Economists just dropped the R-bomb — and Wall Street still rallied

NEW YORK, NY - OCTOBER 02: Traders and financial professionals work on the floor of the New York Stock Exchange (NYSE) at the closing bell on October 2, 2019 in New York City. The Dow Jones Industrial Average has dropped over 800 points in the first two days of trading in October. The drop comes after reports showed slowing in September for both manufacturing and hiring. (Photo by Drew Angerer/Getty Images) (2019 Getty Images)

(CNN) – On the same day economists declared the recession official, US stocks surged, erasing their 2020 losses. So, it's a bit of a bad-news-good-news kind of day. Let's get into it.

We had a good run

Recessions have historically sneaked in slowly, creeping into the economy so subtly it takes the better part of a year to even realize we're in one. This time, the recession landed with all the subtlety of a wrecking ball, shattering the longest economic expansion in American history and punching the nation into its worst unemployment crisis since the Great Depression.

The corona-recession officially began in February, just before the US issued widespread stay-at-home orders, the National Bureau of Economic Research announced Monday.

Oh, and the World Bank expects the global economy will contract 5.2%, making this the worst global recession in 80 years.

Heckuva way to start the week, huh?

Here's the good-ish news:

  • The worst of it may be behind us already: Jobs are coming back and people are cautiously beginning to travel again — more on that later.
  • Wall Street is firmly embedded in Camp Optimism: The S&P 500 ended up 1.2% Monday, erasing its losses for the year. The Nasdaq closed 1.1% higher, its first record close since February. And the Dow closed up 1.7%
  • The Fed's on it: The Federal Reserve meets on Wednesday — we'll get to see what other tricks Jerome Powell has up his sleeve to help keep the ship afloat.

Who’s ready for a root canal?

Lockdown has made us nostalgic for normal lives, even the drudgery of commuting to work and engaging in elevator small talk and — I can't make this up — going to the dentist.

Apparently that unbelievably annoying, anxiety-inducing ritual of responsible adult life is something people are doing again, now that dentist offices are allowed to reopen.

Dental offices added 244,800 jobs last month, leading the health care sector's employment recovery. A lot of jobs came back last month, in fact: See who else is hiring again.

Urgent: Oreo news

Missing your triple-truffle-stuf Oreos ? Your pumpkin-spiced-peanut butter crunch cereal? Your matcha-infused Reddi-wip over yuzu-chocolate-chip ice cream? (Note: All of that is made up, but hey, free ideas for any food producers reading this! )

Here's why you might not be seeing as many of those wacky varieties of your favorite snacks at the grocery store lately. When we all started eating at home more this spring, demand for groceries skyrocketed, forcing food makers to step up production. And making lots of different varieties takes extra time because plants typically have to pause their production lines to switch out the product and packaging when they go from making, say, Red Velvet to Birthday Cake Oreos.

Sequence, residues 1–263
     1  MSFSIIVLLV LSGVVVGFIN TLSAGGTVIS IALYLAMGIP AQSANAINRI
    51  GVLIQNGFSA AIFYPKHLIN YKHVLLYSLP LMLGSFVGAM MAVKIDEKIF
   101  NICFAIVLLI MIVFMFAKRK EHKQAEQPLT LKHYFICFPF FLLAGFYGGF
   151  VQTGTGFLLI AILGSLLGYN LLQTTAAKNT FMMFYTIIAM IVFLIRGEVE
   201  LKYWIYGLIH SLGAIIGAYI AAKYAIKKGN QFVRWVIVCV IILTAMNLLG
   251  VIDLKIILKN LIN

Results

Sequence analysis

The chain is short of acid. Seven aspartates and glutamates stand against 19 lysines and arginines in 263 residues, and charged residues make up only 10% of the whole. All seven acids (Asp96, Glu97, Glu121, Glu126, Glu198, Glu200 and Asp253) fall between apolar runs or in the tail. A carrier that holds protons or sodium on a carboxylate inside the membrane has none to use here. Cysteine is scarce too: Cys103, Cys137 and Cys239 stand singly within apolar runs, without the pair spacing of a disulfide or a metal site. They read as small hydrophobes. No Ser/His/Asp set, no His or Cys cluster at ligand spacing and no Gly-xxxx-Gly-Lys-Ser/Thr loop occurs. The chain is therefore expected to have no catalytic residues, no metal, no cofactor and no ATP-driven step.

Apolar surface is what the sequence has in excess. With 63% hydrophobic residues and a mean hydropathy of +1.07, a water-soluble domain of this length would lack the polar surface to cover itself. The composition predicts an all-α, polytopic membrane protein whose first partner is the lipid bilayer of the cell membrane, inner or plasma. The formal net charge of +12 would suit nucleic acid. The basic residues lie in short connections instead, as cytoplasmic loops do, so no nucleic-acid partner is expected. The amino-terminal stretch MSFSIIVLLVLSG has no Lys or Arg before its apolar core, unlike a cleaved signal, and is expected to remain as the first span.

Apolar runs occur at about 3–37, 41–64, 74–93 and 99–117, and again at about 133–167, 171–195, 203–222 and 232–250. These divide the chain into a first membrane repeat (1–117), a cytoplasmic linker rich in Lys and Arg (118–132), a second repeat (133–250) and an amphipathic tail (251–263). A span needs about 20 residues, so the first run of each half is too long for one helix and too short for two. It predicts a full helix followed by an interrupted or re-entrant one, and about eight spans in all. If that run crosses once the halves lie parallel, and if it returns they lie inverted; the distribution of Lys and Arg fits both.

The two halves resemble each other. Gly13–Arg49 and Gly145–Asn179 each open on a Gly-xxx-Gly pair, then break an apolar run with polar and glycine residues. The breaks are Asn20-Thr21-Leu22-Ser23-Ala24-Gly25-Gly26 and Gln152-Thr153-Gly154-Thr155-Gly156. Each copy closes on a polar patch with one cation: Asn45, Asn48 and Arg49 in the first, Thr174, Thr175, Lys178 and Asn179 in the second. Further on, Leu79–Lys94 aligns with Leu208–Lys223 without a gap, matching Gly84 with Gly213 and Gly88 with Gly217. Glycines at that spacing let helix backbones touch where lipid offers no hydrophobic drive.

(But that's OK because regular Oreos are objectively the best Oreos, fight me.)

Crossfit just got more annoying somehow

ICYMI, there's a crisis in the CrossFit world that's led to a huge backlash against the brand and its CEO.

Reebok has cut ties, and several gyms in the United States are dropping "CrossFit" from their names.

It all started on Twitter (of course) when CrossFit's CEO, Greg Glassman, posted comments that make light of both coronavirus and the killing of George Floyd by Minneapolis police. The outrage was swift ...and predictable. Glassman apologized on Monday, but for many it was too little too late.

Which leads me to my new feature, Unsolicited Tips for CEOs.

  • Unsolicited Tips for CEOs Part 1: Don't tweet. (If you must tweet, hire an editor!)

AirBnB’s comeback

The walls are closing in for those of us who've been under quarantine in our 600-square-foot studio apartments since March, so it's no surprise many of us are looking for some fresh walls to escape to. Maybe with a mountain view. And a pool. And wifi.

Airbnb said bookings are surging for the summer as Americans warm up to the idea of traveling again. Shares of major US airlines and cruise companies are also bouncing back, even though flight traffic is nowhere near pre-pandemic levels and cruise operators aren't yet sure when they can sail again. Investors are, to say the least, optimistic.

Quote of the day

That’s what Airbnb CEO Brian Chesky told Bloomberg News. The reality of remote work is starting to sink in, and that may be very good news for Airbnb and terrible news for commercial real estate developers and landlords.